Dubai property 2
Many property owners are in a waiting game mode when it comes to selling. And that impacts further on stock available to sell. Image Credit: Shutterstock

The availability of stock is one of the big question marks in Dubai’s present real estate scenario. Properties at the higher end of the market are a rarity and tend to get snatched up within weeks if not days of being listed due to the phenomenal levels of demand.

The general property market, or mid-range market, has had decent supply, but a pinch is starting to be felt there as well, especially at the top (in the range of Dh5 million to Dh7 million). Any new supply that comes in at this price range will be from newly completed projects (of which there are a mere handful at present), and not really from secondary properties coming to the market.

I believe this shortage of supply will continue to plague the market for some time as homeowners at that level have no strong incentive to sell right now. For any homeowner, there are ultimately two main reasons to sell their property. The first is a change in life circumstances that make it necessary to sell – if they are moving out of the UAE, for example, or if there is an urgent financial need.

In for longer residencies

The second reason is because the homeowner wants to upgrade their lifestyle and enter a higher price bracket. The first reason is not really as applicable to homeowners today. If we were looking at the market in mid-2020, it would be a different story – the sad reality is that quite a few people left their lives in the UAE behind as a result of global uncertainty at the time. Those who stayed have found their resilience rewarded as they are now in the middle of a booming market and quite frankly, most of them see the city as their home for the long term.

Dubai used to be seen as a temporary destination, a city where you would live for about 5 years to make some good money and then move on. Properties were good investments to have, but there was no real longevity among end-users. That has slowly been changing, and Dubai is now seen as more of a permanent residence for many, especially with initiatives such as the Golden Visa (and the recent broadening of the criteria to apply for one).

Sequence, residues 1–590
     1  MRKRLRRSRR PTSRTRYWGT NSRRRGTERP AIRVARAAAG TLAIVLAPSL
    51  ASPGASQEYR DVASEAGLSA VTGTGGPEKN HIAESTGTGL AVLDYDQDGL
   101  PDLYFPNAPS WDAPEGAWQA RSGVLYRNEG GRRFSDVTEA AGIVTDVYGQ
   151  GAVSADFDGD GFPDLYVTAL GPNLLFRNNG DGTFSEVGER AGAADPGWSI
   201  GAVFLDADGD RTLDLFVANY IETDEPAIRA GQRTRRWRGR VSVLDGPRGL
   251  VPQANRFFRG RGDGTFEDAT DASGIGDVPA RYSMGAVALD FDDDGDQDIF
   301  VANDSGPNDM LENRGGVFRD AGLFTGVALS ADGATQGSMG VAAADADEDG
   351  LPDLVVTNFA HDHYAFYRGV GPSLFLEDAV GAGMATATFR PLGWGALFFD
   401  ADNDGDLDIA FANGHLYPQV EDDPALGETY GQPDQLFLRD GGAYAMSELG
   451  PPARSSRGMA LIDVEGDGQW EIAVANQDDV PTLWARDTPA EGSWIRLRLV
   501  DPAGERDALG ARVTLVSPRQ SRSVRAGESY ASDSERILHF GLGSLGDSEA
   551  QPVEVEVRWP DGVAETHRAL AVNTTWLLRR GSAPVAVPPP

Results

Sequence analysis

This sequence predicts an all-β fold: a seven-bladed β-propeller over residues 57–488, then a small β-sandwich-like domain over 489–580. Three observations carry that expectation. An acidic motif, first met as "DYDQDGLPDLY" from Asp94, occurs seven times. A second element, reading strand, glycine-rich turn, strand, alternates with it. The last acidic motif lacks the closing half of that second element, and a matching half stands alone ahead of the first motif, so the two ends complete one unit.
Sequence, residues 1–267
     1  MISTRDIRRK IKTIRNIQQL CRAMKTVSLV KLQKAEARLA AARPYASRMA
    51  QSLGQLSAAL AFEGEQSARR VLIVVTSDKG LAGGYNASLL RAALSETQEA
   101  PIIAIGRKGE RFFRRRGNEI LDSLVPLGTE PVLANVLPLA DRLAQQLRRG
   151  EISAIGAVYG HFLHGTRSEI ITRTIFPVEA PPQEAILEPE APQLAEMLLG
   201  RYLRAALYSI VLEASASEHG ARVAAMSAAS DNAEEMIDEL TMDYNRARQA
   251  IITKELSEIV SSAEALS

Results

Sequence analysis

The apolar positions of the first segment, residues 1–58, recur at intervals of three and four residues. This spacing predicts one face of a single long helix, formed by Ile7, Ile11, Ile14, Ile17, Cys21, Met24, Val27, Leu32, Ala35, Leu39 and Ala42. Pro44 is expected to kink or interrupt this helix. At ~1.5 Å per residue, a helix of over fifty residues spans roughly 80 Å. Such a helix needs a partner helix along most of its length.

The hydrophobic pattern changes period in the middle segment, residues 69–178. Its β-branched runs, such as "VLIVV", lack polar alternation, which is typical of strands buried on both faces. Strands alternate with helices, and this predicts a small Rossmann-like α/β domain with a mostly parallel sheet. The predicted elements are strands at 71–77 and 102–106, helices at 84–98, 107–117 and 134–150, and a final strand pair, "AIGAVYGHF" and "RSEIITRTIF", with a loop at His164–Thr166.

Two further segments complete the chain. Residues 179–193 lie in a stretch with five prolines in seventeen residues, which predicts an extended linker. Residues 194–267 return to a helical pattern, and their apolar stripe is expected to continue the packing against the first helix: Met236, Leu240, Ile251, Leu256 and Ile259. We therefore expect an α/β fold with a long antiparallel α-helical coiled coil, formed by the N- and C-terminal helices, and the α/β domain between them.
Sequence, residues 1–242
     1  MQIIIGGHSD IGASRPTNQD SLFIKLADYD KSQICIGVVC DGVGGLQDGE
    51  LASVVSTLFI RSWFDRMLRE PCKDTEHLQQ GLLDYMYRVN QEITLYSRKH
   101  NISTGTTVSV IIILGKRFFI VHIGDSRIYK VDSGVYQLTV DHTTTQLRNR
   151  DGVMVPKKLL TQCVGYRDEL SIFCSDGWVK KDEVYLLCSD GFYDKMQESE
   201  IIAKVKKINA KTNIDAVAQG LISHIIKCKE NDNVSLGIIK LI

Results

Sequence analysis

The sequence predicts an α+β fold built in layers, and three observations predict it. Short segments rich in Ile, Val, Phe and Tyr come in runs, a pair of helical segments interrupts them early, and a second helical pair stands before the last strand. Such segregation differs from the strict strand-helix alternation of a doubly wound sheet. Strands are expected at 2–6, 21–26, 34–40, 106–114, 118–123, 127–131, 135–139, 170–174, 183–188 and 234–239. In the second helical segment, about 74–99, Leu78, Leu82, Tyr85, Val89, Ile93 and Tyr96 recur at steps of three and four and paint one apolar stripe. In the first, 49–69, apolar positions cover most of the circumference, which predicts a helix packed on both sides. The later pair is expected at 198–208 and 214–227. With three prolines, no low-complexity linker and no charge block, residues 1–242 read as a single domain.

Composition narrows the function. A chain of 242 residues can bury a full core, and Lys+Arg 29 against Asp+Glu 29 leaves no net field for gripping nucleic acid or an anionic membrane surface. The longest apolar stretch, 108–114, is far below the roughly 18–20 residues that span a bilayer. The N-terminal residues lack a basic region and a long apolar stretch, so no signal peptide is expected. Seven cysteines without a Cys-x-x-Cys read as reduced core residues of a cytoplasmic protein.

The life cycle of a property has accordingly increased - in 2014 properties were being sold roughly 6 years after purchase on average. As of 2021, that period has increased to about 8 years and will continue to go up. The chances of someone putting their property up for sale because they’re packing up and leaving are quite low, and for many recent expats that scenario is several years away.

Quite a price jump

When it comes to upgrading their home, property owners at the higher end of the general market find themselves in a tricky position. There is a significant price gap to jump over in order to enter the prime residential market, owing largely to the income gap that exists between homeowners at those levels.

The down payment to buy an entry level home in the prime segment right now would be much higher than they would have paid for their original home, making it a tough jump to make even for mortgage buyers. Additionally, when we examine the offering at the transition between the prime and general markets, they tend to be quite similar. There is a comparable level of finish, minimal difference in sizing and not a considerable upgrade in lifestyle.

A homeowner living in a three-bedroom villa in Jumeirah Golf Estates, for example, has little reason to upgrade to a four-bed and put their existing property up for sale. The difference in pricing and the relative similarity in the overall quality and design outweigh the benefits of having some additional living space.

If they were to consider moving further up the property ladder, then pricing becomes even more prohibitive. Consequently, supply shortages will continue to be a factor affecting the market and overall transactional activity, until such time as new offplan projects get completed.